Publisher: Macmillan International Higher Education
Describes approaches to understanding cultures in higher education, paying particular attention to cultures and cultural construction at departmental level. Implications of cultural characteristics for issues around change initiatives, including the enhancement of teaching, learning and assessment are a key focus of this book.
"Creative ways of thinking about leadership are helpful to guide practice and personal growth. This book builds a strategic roadmap for creative leadership practice, putting the spotlight on a leader’s professional development journey in the process. The book is about leadership on the ground in higher education, where the ‘rubber hits the road’. It can also be useful in business, or for anyone wanting to think outside the square. Through a creative storytelling approach, the author takes the reader through Tuscany and her on-the-job experience as a leader of learning and teaching. Along the way, she explains some of the theoretical influences on her thinking and practice – in ways and combinations she hadn’t read about in other leadership books, or experienced in professional development programmes. Through real stories, the author shows how she made creative connections in building her own knowledge on present and past experience, with reflection on how practice can be improved with a clear focus on collegiality and strategic outcomes. This approach reflects the five creative leadership signposts that she explains and illustrates throughout the book. "
Education by Paul Trowler,Murray Saunders,Veronica Bamber
Rethinking the significance of disciplines in higher education
Author: Paul Trowler,Murray Saunders,Veronica Bamber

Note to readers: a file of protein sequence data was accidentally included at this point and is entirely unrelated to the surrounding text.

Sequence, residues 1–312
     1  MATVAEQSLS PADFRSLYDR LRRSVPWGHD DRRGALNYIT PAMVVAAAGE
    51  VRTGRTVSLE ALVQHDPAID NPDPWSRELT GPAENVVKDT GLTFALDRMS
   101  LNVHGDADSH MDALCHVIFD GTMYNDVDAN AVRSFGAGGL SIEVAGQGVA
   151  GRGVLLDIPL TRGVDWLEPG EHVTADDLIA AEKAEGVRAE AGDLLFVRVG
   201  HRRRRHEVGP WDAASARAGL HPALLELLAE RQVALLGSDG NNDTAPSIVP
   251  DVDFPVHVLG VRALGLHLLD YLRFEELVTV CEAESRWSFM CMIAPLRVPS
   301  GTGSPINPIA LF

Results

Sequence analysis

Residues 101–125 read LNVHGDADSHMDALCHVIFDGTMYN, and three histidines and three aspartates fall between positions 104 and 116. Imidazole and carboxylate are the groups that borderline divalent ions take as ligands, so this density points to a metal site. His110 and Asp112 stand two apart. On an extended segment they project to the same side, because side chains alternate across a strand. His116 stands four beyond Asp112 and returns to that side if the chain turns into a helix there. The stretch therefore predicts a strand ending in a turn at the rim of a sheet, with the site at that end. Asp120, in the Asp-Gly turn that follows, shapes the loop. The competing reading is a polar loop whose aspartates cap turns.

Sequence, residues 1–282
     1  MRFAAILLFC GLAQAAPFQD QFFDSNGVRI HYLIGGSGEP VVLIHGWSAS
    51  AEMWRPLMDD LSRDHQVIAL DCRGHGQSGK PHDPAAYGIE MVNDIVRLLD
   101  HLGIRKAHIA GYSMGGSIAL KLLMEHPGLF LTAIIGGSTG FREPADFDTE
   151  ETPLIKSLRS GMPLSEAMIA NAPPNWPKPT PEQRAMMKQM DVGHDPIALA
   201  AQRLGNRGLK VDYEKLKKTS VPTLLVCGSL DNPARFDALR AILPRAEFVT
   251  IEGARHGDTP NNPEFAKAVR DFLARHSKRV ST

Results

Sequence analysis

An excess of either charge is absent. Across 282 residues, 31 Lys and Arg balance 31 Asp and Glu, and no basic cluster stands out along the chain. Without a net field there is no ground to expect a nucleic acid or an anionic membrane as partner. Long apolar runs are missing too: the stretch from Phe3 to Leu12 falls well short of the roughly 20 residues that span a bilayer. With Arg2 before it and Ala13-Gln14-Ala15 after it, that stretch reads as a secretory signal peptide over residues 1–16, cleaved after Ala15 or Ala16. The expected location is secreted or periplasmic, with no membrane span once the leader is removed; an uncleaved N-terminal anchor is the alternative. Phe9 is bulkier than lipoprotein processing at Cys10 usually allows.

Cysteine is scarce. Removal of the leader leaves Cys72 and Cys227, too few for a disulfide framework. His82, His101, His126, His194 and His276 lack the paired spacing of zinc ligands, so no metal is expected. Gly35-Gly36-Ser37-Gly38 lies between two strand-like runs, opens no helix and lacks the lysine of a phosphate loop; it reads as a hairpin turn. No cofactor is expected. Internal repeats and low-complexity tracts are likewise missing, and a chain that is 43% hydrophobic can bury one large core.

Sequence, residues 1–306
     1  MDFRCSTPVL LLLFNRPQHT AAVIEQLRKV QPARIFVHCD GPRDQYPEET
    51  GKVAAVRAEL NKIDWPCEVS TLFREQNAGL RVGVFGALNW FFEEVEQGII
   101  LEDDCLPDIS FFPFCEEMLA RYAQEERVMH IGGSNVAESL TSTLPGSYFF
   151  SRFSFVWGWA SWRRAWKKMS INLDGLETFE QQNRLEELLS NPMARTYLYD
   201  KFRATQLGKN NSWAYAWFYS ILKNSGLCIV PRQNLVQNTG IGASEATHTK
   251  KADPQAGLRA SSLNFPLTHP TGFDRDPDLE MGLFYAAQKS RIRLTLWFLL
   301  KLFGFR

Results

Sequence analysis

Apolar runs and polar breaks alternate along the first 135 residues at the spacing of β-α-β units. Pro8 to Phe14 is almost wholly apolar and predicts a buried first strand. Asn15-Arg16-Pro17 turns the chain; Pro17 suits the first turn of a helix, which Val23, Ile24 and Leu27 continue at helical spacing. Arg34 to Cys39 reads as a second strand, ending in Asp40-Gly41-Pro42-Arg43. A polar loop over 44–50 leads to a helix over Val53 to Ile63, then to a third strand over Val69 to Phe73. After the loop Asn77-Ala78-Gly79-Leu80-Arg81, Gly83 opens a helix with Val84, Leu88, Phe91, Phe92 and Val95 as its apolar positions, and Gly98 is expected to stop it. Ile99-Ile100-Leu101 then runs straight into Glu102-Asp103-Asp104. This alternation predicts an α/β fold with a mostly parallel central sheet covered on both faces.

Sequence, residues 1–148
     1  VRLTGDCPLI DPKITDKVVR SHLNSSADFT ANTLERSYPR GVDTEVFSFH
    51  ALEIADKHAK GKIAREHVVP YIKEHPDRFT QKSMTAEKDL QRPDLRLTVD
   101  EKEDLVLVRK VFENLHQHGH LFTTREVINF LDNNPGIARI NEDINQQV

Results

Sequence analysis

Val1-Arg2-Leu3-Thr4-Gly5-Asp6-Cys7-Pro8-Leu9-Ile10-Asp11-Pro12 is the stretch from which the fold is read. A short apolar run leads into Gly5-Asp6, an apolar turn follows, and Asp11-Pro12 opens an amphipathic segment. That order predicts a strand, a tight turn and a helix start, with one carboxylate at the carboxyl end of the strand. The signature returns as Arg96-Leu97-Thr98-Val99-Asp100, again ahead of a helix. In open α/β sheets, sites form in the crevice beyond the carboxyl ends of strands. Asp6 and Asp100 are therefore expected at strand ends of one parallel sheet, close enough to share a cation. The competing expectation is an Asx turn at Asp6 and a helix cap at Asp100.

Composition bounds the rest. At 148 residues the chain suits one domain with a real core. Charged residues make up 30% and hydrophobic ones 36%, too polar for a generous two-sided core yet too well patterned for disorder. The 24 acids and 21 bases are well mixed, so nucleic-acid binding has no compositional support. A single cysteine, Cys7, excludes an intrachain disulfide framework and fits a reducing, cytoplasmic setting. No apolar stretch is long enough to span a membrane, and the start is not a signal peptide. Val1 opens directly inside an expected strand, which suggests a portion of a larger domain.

The ‘tribes and territories’ metaphor for the cultures of academic disciplines and their roots in different knowledge characteristics has been used by those interested in university life and work since the early 1990s. This book draws together research, data and theory to show how higher education has gone through major change since then and how social theory has evolved in parallel. Together these changes mean there is a need to re-theorise academic life in a way which reflects changed contexts in universities in the twenty-first century, and so a need for new metaphors. Using a social practice approach, the editors and contributors argue that disciplines are alive and well, but that in a turbulent environment where many other forces conditioning academic practices exist, their influence is generally weaker than before. However, the social practice approach adopted in the book highlights how this influence is contextually contingent – how disciplines are deployed in different ways for different purposes and with varying degrees of purchase. This important book pulls together the latest thinking on the subject and offers a new framework for conceptualising the influences on academic practices in universities. It brings together a distinguished group of scholars from across the world to address questions such as: Have disciplines been displaced by inter-disciplinarity, having outlived their usefulness? Have other forces acting on the academy pushed disciplines into the background as factors shaping the practices of academics and students there? How significant are disciplinary differences in teaching and research practices? What is their significance in other areas of work in universities? This timely book addresses a pressing concern in modern education, and will be of great interest to university professionals, managers and policy-makers in the field of higher education.